The RA3 is very stably maintained in some bacterial species, e.g., E. coli. Its persistence depends on the active partition system IncC-KorB-parS supported by the presence of kfr genes, klcA, and orf02 of unknown function [10,11]. The efficient conjugative transfer system may also influence its stability in the population. The most intriguing is, however, the extreme stability of its minireplicon in the E. coli host. The removal of the stability and conjugative modules to construct WT miniRA3 did not diminish plasmid retention for 60 generations, despite 1–2 plasmid copies per chromosome. No such stability of miniRA3 is observed in P. putida although some analyzed mutations increased the maintenance of the minireplicons. It strongly suggests that on the one hand the regulatory circuits function differently in various hosts, and on the other hand that there is some replication module-encoded factor that stabilizes plasmid specifically in E. coli. One of the intriguing hypotheses implicates the role of RepA as an antitoxin HigA homolog that may support the functioning of the innate HigAB system encoded in the chromosome of E. coli K12 [28].
The studies on the RA3 replication module revealed the multivalent regulatory network facilitating the plasmid establishment. Despite the clearly modular structure, RA3 replication, stability, and conjugative functions are strongly intertwined. Further studies are required to understand the species-specific functioning of the replication module regulatory network and roles of particular elements.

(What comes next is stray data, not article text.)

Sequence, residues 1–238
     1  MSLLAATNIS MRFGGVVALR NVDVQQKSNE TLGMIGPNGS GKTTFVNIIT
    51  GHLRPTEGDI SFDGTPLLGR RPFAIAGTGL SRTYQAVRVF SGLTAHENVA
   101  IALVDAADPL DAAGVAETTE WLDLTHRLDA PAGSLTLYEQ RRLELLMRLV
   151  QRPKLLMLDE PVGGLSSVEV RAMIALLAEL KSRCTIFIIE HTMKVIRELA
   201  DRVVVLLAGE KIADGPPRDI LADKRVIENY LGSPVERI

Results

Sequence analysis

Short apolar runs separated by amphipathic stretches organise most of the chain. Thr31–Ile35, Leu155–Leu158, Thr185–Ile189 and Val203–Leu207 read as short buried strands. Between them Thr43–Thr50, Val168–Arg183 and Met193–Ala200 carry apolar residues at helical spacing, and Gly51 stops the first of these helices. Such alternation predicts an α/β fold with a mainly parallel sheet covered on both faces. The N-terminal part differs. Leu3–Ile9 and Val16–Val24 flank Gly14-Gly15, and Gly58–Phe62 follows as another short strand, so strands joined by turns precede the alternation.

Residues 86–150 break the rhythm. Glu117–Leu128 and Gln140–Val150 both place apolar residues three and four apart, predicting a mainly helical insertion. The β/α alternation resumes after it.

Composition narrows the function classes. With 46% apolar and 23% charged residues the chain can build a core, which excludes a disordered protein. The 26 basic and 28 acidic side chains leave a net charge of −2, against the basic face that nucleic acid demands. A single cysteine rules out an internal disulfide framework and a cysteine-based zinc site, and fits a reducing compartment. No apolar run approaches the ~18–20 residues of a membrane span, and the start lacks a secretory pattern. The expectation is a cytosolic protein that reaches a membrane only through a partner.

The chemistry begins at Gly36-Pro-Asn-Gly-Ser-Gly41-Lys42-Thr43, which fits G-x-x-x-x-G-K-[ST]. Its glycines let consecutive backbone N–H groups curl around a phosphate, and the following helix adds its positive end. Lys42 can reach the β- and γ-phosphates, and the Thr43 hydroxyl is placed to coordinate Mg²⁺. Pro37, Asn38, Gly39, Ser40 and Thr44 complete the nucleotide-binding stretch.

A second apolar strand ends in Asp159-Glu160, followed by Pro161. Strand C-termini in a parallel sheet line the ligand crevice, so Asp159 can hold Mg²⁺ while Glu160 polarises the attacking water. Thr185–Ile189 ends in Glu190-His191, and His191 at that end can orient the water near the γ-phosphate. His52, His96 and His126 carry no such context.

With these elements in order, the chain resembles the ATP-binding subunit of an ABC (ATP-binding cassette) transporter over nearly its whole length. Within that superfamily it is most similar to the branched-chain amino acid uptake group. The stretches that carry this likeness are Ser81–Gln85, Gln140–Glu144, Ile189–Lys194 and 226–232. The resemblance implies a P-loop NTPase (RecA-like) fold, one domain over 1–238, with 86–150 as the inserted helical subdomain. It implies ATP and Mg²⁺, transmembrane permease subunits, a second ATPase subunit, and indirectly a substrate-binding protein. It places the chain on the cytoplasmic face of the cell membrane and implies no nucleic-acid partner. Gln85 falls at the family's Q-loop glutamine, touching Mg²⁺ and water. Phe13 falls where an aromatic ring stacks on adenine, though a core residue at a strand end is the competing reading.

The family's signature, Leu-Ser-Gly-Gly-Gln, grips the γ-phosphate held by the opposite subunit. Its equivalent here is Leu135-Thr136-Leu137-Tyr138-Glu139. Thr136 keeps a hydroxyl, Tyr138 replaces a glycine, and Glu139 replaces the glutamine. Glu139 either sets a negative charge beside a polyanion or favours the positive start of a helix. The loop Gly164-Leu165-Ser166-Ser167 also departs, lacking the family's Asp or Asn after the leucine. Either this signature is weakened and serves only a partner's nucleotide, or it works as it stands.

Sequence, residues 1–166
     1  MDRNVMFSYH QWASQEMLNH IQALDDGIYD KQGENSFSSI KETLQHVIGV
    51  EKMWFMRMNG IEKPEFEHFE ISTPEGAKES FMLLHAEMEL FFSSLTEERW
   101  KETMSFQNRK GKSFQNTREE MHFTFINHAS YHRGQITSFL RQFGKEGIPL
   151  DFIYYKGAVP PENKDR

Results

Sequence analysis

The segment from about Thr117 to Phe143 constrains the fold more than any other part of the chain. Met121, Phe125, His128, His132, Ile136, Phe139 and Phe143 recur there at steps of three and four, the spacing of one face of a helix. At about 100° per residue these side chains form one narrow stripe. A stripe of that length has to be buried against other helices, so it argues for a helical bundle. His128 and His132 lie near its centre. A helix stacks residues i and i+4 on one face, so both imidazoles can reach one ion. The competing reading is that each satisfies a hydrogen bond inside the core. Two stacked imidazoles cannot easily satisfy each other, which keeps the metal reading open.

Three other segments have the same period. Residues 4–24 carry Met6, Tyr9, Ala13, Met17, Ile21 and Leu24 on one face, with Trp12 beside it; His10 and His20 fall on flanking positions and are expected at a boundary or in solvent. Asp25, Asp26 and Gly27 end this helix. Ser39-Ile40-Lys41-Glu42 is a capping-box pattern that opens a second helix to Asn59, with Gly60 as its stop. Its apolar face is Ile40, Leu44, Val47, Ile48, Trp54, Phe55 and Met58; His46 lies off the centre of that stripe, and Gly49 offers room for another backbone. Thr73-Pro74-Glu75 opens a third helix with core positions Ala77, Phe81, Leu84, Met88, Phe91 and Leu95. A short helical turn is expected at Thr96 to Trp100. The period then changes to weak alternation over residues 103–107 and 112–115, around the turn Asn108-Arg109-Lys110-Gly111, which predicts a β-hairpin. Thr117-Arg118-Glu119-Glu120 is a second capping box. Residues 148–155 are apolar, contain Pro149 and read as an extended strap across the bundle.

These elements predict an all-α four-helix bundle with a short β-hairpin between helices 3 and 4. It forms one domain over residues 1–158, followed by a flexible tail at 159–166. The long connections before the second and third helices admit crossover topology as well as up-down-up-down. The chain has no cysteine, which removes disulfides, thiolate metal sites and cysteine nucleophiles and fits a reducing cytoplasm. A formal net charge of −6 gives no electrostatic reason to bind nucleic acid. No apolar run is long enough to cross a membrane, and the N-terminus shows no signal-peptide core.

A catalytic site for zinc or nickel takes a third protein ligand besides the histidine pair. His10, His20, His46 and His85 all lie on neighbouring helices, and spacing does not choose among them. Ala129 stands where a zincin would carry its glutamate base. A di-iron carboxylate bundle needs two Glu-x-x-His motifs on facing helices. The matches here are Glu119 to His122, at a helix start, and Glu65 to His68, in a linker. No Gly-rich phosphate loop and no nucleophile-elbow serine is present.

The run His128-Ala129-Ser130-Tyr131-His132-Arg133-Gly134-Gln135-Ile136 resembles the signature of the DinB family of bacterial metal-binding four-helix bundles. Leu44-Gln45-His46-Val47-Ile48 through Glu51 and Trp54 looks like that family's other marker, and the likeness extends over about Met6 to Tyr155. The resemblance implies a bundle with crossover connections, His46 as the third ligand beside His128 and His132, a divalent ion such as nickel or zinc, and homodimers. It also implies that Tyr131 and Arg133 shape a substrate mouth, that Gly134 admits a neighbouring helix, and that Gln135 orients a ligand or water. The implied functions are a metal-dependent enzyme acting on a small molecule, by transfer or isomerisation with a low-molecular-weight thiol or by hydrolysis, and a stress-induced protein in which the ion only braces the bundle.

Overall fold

4. Materials and Methods

  • Bacterial strains and growth conditions
E. coli strains used were K-12 strain DH5α F(ɸ80dlacZΔM15) recA1 endA1 gyrA96 thi-1 hsdR17(rkmk+) supE44 relA1 deoR Δ(lacZYA-argF)U19) [29], C600K (thr-1 leu-6 thi-1 lacY1 supE44 ton21 galK) [30], and BL21(DE3) [FompT hsdSB (rBmB) gal dcm (DE3)] (Novagen, Sigma-Aldrich Pl.). P. putida KT2440 strain was kindly provided by C.M. Thomas, University of Birmingham, United Kingdom.